“We came up here to get lucky.”
What do you get when you combine Predator with The Twilight Zone and throw in an 80’s television star and do a movie of the week? You get High Desert Kill and a preview of the kind of thing that would start appearing on Sy-Fy in a few decades. Universal was actually the king of these kinds of films throughout the late 70’s and 80’s, and director Harry Falk was one of television’s steady directors of the time. There’s real experience here that allows this film to at times rise above its limited budget and offer a few compelling moments. There was actually a time the film was considered for theatrical release and did find a few box office dates in Europe. That was the dilemma in the 80’s. Made-for-television would eventually give way to direct-to-video, and today, of course, it is streaming that provides the same kind of outlet. Thanks to Kino-Lorber you get a chance to decide for yourself as High Desert Kill arrives on Blu-ray, albeit with no real restoration. It’s pretty much as it was when it was released on television in 1989.
Dr. Jim Cole (Geary) is a research scientist. Brad Mueller (Singer) owns a chain of gyms and considers himself a macho guy. Together with their friend Paul (Armstrong), they spend one weekend a year together out in the badlands of New Mexico where they camp and hunt. It’s going to be different this year, because Paul recently died when his car brought down an electrical wire and he’s electrocuted. Jim’s wife has a bad feeling about his plans to do the trip anyway with Brad and Paul’s nephew Ray (Grant). Ray is a high fashion male model and not the kind of a guy who might be at home roughing it in the desert. Jim’s wife has a bad feeling about the whole thing. She’s not in the film again, but she serves the purpose of warning the leads … and the audience that bad things are coming. She’s Crazy Ralph. Ray gets them Paul’s old rustic Jeep, and the three head out for fun and games. Of course, we already know Jim’s wife is right, because we were treated to a scene of a Native American warrior who appears to turn on his chief while some entity waits just outside.
So the three arrive, and the first encounter they have is with an old camper named Stan, played by an aging Chuck Connors. He tells them there isn’t any game to be found this year. Apparently something has scared off the animals. Again there’s a wink at us, letting us know this is some serious stuff going on. Stan joins up with the three weekend warriors, and then they come upon another camp. This time we find two girls named Kathleen (Mansy) and Terry (Birdsong). Of course, the guys are hitting on them, but they’re not interested and return the flirtations with icy cold shoulders. So they move on to set up their own camp ,and later that night the girls come looking for them, except this time they’re loose and too ready to party. Certainly, no one stops to question the strange change in behavior, and the six of them have a wild night together. From there things just get weird, if you can believe it hasn’t really gotten weird yet.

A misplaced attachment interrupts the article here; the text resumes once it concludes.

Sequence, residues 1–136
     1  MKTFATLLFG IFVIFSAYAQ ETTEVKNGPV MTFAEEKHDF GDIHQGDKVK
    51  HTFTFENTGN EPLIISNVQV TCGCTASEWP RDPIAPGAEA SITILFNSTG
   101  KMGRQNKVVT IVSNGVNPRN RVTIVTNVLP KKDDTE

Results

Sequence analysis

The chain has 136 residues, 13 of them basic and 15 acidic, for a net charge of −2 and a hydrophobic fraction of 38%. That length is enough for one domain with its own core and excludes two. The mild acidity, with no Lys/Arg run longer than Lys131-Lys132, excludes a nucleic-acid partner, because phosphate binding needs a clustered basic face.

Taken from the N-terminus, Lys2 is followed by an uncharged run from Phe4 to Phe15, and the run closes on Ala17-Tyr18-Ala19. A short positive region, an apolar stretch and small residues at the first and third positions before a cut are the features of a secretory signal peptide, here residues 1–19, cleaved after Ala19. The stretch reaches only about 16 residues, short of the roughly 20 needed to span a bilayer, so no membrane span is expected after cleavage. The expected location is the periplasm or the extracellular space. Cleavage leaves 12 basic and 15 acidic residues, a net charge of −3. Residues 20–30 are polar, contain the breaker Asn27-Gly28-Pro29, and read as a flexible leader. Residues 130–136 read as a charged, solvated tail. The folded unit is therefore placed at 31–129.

A guy who looks like Paul shows up to watch the odd things going on. The guys do manage to find a bear and start eating the raw liver. It’s as if they’ve come upon a strange drug. We get about a half hour of almost psychedelic behavior with a plot line that gets really hard to follow. It all leads to a realization that they are rats like the ones Jim uses in his experiments. Aliens have manipulated their emotions and are studying the results. This is where Predator turns into The Twilight Zone.
There are some truly thrilling moments in the film, and the acting is above average for this sort of thing. Marc Singer made a career out of these kinds of films and television shows, and he’s pretty much spot-on casting. Falk also manages to get some extra production bang for his buck with the natural New Mexico locations. It’s a pretty effective atmosphere and less used than the old ‘cabin in the woods” environments. The film gets bogged down with some of the crazy behavior, and I really started to lose track and focus about what was going on. Somehow I suspect this is one of those films many of you out there find much better if viewed stoned. That’s not my thing, so I had a hard time with that middle act.
The film is offered in its full frame (4×4) aspect ratio, or you can opt for a 1.78:1 version, which is just the full frame presentation but zoomed in. I honestly didn’t find one superior over the other. It’s the kind of film that might be worth a first look, but I can’t imagine it standing up to repeat viewings. It’s like a bad nightmare you try to shrug off. “Maybe in a couple of weeks, I can dream of something else.”